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Supreme Court Westchester Sends Original Last Will & Testament of Article 81 Incapacitated Person to Surrogate's Court of Westchester: Clash of Jurisdictions in our own Backyard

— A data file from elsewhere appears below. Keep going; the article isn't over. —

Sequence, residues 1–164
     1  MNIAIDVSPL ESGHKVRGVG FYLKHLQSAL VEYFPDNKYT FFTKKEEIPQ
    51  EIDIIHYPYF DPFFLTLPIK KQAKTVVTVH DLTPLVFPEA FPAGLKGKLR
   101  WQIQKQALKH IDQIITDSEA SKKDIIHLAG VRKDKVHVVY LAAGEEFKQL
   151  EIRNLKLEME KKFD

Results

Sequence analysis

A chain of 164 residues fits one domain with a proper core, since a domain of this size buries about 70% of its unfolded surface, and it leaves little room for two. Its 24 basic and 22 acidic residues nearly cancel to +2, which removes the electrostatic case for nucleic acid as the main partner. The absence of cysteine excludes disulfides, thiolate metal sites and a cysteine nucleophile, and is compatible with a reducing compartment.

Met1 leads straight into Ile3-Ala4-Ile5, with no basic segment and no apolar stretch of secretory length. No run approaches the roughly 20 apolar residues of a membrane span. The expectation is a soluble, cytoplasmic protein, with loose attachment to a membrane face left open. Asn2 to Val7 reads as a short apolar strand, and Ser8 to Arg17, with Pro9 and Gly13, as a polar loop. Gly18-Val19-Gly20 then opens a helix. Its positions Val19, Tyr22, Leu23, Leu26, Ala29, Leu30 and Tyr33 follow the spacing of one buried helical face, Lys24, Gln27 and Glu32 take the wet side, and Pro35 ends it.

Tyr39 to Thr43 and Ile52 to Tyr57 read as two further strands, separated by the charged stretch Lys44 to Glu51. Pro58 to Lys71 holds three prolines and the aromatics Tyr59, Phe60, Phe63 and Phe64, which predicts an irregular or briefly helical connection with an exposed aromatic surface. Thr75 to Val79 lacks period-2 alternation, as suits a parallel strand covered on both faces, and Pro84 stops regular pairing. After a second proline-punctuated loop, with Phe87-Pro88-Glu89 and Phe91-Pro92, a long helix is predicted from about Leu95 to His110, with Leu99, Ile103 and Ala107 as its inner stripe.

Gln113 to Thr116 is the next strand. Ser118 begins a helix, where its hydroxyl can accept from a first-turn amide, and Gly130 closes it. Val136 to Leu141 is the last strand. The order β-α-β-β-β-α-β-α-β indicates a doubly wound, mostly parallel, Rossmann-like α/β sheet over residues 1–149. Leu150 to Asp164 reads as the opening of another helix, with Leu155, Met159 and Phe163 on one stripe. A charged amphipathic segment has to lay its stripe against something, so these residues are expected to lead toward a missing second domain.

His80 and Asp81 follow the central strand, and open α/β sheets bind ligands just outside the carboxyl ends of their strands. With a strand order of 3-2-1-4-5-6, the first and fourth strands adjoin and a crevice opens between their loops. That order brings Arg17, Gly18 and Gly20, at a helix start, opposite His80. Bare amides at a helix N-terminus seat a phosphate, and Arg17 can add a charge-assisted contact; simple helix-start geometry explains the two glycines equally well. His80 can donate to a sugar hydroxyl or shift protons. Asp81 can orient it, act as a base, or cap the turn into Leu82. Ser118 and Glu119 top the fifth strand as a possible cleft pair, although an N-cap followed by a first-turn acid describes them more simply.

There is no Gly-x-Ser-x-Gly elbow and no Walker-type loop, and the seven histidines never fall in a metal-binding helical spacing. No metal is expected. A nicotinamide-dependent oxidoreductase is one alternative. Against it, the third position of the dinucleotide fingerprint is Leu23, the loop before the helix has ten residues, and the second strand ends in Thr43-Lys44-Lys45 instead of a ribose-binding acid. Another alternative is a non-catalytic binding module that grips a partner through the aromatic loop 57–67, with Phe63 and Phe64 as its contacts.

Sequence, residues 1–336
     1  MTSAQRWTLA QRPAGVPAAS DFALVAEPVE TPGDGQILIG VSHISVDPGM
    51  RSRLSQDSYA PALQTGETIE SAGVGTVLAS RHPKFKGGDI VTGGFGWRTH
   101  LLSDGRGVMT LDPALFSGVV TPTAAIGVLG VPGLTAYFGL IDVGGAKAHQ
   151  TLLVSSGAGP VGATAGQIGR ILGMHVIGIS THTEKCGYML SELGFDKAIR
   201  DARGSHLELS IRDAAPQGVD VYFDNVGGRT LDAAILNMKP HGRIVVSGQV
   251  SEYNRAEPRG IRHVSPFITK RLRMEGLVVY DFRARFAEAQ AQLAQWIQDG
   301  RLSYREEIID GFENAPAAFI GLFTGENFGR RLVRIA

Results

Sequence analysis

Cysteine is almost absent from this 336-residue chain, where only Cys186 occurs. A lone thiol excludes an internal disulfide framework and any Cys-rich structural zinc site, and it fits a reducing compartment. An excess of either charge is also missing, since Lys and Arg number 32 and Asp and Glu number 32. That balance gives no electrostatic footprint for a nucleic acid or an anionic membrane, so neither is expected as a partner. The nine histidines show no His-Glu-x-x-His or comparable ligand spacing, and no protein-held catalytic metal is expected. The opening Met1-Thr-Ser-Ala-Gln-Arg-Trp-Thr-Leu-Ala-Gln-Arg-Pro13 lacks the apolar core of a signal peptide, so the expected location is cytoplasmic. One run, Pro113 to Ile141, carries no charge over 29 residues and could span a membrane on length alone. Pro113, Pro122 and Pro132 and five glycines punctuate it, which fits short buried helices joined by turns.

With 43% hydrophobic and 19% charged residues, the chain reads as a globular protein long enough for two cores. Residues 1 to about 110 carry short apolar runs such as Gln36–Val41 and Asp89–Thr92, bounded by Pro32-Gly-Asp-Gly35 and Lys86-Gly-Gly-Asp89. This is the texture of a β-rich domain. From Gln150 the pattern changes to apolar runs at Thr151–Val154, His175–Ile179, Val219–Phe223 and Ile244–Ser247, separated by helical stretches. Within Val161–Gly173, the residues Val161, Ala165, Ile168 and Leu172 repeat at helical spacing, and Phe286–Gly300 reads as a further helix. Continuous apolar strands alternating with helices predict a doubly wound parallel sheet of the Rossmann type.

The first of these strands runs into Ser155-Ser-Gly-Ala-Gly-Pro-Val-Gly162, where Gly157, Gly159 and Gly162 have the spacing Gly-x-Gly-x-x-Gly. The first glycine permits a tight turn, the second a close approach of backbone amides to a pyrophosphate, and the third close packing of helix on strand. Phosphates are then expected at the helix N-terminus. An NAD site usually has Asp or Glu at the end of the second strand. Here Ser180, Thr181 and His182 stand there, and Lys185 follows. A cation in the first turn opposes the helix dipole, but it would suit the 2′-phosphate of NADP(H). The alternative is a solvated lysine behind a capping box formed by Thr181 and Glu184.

By: Gary E. Bashian, Esq.* As is often the case with elderly clients, matters that are initiated in the Supreme Court can, for a variety of reasons, find themselves later embroiled in questions of jurisdiction.Though each proceeding may involve the same characters and nucleus of facts, there are nevertheless jurisdictional concerns that can arise which must be addressed so as to ensure that the proper Court is exercising its authority on an issue over which they have jurisdiction. With the ever expanding population of senior citizens in the nation, this problem will only grow over the next few years because of issues relating to seniors that never existed years ago. A clear illustration of this jurisdictional clash can be found in the Matter of Elena Duke Benedict recently decided by the Supreme Court Westchester County. (Sup Ct Westchester; index # 7243/07, Surr. Ct Westchester; file # 07-7243).As one might expect, this action has a somewhat complicated factual and procedural history. Prior to the death of Elena Duke Benedict, she was subject to an article 81 Guardianship proceeding in the Westchester County Supreme Court.In 2007, during the interim period between the appointment of a temporary Guardian of the person and property of Ms. Benedict, and the appointment of a permanent Guardian, the testatrix executed a Will. Upon testatrix’s death, this 2007 Will was filed by the then permanent Guardian of her person and property with the with the Westchester County Clerk’s Guardianship file which was part of a sealed Supreme Court proceeding.Thereafter, one of Testatrix’s daughters moved in the Supreme Court Guardianship part, by Order to Show Cause, to transfer the original 2007 Will from the Guardianship file, still held with the Westchester County Clerk, seeking for the Will to be filed with the Surrogate’s Court.The nominated executor of a previous 2006 Will, and adversary of the movant, objected to the motion asserting that the daughter did not have a right to compel the Supreme Court to transfer the 2007 Will to the Surrogate’s Court, and sought to have the 2007 Will remain sealed in the guardianship file pending an evidentiary hearing and declaratory judgment to have the 2007 Will declared invalid.The Supreme Court held that the Surrogate Court Procedure Act (SCPA) § 1401 & 1402 granted the daughter “standing to compel the production of a purported Will.”(Matter of Benedict. Decision and Order filed and entered 8/11/10). Furthermore, the Supreme Court stated that “it is not for the Guardianship part to determine the validity of a Will. (Mental Hygiene Law §81.29(d)). The determination as to whether or not a will is valid lies within the jurisdiction of the Surrogate’s Court.”  Therefore, the Supreme Court compelled the County Clerk to transfer the original Will to the Surrogate’s Court in order to determine if it was in fact valid.Accordingly, the motion for a declaratory judgment made by the nominated executor of the 2006 Will was denied. *Gary E. Bashian is a partner in the law firm of Bashian & Farber, LLP with offices in White Plains, New York and Greenwich Connecticut. Mr. Bashian is a past President of the Westchester County Bar Association, he is presently on the Executive Committee of the New York State Bar Association’s Trust and Estates Law Section as Vice Chair of the Estate Litigation Committee, and is a past Chair of the Westchester County Bar Association’s Trusts & Estates Section.Mr. Bashian gratefully acknowledges the contributions of Andrew Frisenda, an associate at Bashian & Farber, LLP for his assistance in the composition of this article.

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